The threshold question before the District Court was whether Daubert v. Merrell Dow Pharmaceuticals, Inc., 509 U.S. 579 (1993), and Federal Rule of Evidence 702 presented any barriers to the court's consideration of the plaintiffs' expert opinions, which were central to the class certification issue. In dicta, the U.S. Supreme Court, in Wal-Mart Stores, Inc. v. Dukes, 131 S.Ct. 2541 (2011), expressed its "doubt" of the soundness of the trial court's conclusion that Daubert did not apply at this stage. ("The District Court concluded that Daubert did not apply to expert testimony at the certification stage of class-action proceedings. We doubt that is so, but even if properly considered, [the expert witness's] testimony does nothing to advance respondents' case.")

The Circuits are split on the issue of whether Daubert is applicable at the class certification stage. The Seventh Circuit has held that when an expert's report or testimony is "critical to class certification," a district court "must perform a full Daubert analysis before certifying the class if the situation warrants." American Honda Motor Co. v. Allen, 600 F.3d 813, 815-16 (7th Cir. 2010). Similarly, the Fifth Circuit, in Unger v. Amedisys Inc., 401 F.3d 316, 323 n.6 (5th Cir. 2005), held that "[i]n many cases, it makes sense to consider the admissibility" of expert testimony at the Rule 23 certification stage, because "[i]n order to consider Plaintiffs' motion for class certification with the appropriate amount of scrutiny, the Court must first determine whether Plaintiffs' expert testimony supporting class certification is reliable."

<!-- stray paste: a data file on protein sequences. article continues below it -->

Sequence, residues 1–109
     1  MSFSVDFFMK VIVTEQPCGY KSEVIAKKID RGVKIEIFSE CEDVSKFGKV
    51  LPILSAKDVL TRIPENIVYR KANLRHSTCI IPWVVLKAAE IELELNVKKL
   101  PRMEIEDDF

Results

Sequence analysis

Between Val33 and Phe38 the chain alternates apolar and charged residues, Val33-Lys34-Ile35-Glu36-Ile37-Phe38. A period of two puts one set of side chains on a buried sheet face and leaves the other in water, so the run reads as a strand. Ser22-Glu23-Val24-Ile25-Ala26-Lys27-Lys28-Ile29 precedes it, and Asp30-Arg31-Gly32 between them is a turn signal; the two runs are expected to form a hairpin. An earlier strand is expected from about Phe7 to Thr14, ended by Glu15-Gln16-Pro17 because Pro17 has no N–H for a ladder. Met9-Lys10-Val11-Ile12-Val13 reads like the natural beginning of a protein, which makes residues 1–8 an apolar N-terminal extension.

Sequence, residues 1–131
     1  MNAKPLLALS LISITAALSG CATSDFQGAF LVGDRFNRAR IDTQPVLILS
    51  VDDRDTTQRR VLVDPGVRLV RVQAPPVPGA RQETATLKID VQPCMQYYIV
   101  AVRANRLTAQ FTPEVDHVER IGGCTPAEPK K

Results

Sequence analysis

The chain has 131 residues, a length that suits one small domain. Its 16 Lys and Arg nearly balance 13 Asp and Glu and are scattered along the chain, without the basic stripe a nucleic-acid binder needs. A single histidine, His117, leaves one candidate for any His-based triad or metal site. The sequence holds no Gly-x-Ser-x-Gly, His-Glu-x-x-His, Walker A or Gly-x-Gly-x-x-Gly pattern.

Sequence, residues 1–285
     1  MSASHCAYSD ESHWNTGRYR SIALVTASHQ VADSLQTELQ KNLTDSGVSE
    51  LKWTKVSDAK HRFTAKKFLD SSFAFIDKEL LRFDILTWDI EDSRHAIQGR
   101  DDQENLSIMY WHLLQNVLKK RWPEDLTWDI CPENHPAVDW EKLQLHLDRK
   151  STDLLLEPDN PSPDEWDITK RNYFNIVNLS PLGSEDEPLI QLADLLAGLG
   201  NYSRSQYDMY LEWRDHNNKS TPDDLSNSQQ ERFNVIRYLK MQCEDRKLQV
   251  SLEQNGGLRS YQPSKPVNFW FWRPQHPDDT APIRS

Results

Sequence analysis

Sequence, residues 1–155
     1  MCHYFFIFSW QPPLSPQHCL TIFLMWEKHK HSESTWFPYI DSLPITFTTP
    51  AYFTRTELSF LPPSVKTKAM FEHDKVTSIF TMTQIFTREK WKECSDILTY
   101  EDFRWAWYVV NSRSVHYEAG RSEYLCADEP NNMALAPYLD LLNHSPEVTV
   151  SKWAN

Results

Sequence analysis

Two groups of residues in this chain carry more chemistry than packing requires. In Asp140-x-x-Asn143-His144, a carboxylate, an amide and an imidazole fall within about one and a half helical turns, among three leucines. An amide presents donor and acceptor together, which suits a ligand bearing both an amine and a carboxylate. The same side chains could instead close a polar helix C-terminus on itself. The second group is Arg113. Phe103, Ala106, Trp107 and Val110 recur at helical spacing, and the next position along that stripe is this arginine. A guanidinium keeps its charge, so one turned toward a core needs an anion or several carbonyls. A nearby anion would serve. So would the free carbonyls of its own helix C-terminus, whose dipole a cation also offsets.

In contrast, the Eighth Circuit, in In re Zurn Pex Plumbing Products, 644 F.3d 604, 612 (8th Cir. 2011), reached theopposite conclusion, noting that a full Daubert analysis atthe class certification stage would be "impractical" becausethe parties had engaged in bifurcated discovery, resultingin a limited evidentiary record.